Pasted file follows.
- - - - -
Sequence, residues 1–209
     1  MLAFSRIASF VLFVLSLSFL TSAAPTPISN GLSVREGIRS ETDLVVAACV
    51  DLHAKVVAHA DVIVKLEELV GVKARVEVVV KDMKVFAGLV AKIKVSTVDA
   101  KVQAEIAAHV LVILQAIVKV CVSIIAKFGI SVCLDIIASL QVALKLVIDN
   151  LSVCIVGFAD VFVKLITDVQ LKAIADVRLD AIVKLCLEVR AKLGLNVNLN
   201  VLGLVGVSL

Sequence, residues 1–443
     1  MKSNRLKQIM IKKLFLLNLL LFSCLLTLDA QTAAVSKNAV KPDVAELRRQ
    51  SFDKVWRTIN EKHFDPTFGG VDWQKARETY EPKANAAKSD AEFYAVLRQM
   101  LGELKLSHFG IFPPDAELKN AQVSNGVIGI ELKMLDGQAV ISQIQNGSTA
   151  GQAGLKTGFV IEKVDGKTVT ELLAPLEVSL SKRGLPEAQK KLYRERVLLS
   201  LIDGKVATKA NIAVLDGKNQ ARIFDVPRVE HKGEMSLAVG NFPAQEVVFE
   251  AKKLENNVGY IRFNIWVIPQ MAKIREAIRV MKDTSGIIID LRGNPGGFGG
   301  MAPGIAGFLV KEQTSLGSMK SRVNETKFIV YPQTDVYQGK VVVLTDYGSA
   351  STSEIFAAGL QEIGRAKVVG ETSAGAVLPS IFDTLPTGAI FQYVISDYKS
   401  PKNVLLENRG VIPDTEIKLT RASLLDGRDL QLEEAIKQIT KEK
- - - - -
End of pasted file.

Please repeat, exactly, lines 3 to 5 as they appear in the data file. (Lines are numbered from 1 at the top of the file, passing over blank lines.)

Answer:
    51  DLHAKVVAHA DVIVKLEELV GVKARVEVVV KDMKVFAGLV AKIKVSTVDA
   101  KVQAEIAAHV LVILQAIVKV CVSIIAKFGI SVCLDIIASL QVALKLVIDN
   151  LSVCIVGFAD VFVKLITDVQ LKAIADVRLD AIVKLCLEVR AKLGLNVNLN